Concept five: Early learning is powerful.
Much of our most important emotional and interpersonal learning occurs during our first few years of life, when our more primitive neural networks are in control. Early experiences shape structures in ways that have a lifelong impact on three of our most vital areas of learning: attachment, emotional regulation, and self-esteem. These three spheres of learning establish our abilities to connect with others, cope with stress, and feel that we have value.
Every time we behave in a way we don’t understand, we have the opportunity to engage in an exploration of our inner world.
How can this concept be applied to our learning process?
Concept six: The mind, brain, and body are interwoven.
Physical activity exerts a stimulating influence on the entire brain that keeps it functioning at an optimal level. Exercise has been shown to stimulate the birth of new neurons in the hippocampus and to pump more oxygen through the brain, stimulating capillary growth and frontal-lobe plasticity.
Proper nutrition and adequate sleep are also essential to learning. Although the brain is only a fraction of our body’s weight, it consumes approximately 20 percent of our energy, which makes good nutrition a critical component of learning. Sleep boosts cognitive performance and augments learning while sleep deprivation limits our ability to sustain vigilance and attention. Sleep deprivation has also been shown to impair flexible thinking and decision-making.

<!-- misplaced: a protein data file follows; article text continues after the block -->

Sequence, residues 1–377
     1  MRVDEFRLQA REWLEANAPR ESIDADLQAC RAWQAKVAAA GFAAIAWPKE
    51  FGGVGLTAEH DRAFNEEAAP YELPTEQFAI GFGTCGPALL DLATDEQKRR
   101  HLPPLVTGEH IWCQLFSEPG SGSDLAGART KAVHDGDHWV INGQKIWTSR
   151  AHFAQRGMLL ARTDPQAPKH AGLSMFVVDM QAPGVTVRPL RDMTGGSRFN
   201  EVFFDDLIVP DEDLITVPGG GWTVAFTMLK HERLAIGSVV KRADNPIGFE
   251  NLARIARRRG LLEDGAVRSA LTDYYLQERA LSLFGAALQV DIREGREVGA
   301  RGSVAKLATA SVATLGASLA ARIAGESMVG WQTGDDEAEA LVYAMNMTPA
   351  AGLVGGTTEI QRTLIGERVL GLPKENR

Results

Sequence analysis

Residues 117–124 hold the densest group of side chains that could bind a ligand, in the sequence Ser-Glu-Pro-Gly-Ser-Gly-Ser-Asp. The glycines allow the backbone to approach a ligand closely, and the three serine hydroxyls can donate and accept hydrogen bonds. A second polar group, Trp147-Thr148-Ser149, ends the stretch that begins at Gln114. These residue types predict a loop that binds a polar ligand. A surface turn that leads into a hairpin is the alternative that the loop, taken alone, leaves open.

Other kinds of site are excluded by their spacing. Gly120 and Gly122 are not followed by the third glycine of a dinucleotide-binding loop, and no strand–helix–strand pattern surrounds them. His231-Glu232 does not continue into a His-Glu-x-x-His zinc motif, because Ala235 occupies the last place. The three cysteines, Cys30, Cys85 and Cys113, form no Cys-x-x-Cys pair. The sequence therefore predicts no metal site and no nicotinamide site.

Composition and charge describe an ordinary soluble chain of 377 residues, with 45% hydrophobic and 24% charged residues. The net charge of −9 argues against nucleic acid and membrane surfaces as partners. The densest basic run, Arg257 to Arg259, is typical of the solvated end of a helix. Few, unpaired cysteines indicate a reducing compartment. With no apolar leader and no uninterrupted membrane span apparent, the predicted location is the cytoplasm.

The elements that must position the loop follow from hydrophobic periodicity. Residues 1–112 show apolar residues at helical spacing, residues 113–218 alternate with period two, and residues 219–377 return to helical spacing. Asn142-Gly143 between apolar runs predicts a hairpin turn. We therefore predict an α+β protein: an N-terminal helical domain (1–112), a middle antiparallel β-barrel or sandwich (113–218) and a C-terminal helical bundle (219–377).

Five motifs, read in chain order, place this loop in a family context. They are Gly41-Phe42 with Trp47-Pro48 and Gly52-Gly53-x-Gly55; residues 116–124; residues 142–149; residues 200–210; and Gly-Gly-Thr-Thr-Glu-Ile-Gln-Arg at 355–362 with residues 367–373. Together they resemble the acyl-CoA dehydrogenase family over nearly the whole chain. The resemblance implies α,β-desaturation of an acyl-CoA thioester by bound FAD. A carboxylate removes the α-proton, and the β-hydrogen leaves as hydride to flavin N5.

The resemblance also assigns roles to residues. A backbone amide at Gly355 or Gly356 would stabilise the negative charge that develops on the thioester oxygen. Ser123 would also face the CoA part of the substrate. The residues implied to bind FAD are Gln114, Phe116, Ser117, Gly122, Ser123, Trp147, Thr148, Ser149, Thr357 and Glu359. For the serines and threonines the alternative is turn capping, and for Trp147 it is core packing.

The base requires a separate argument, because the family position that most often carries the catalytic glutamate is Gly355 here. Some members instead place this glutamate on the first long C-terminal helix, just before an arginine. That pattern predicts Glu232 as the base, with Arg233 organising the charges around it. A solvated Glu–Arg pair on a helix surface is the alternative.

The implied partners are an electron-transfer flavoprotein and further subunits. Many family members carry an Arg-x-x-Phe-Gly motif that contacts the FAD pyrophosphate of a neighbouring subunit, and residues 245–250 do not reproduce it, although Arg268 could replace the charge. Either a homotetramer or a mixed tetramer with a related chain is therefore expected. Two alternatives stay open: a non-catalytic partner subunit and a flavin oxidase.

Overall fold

How does an awareness of these biological realities can lead to changes in our learning schedules?
Concept seven: Brain change when you learn.
Dr. Mehmet Oz, MD , Cardiology (Cardiovascular Disease), says
“Education is key to slowing brain aging. Simply put, the more you know, the more you stretch your brain’s capacity for learning”.
“One of the better examples is a study of nuns in a monastery. The researchers analyzed the sentence structure of essays the nuns wrote before entering the convent, then looked into their cognitive function some 65 years later. Those who used the most complex sentence structure when they entered the convent had the highest cognitive function as they got older. (Here’s another important finding: Those who were most optimistic in their entries also had higher cognitive function.)”
“Learning even helps if it’s in a formal system. People with higher levels of education and those who continue to be involved in activities that stimulate the mind undergo less mental aging. A college graduate who also continues to learn in formal educational settings is 2.5 years younger than a high school dropout. But informal activity helps, too”.
“Keeping your mind active keeps arterial aging, immune aging, and even accidents in check and has a Real Age benefit of making you 1.3 years younger.”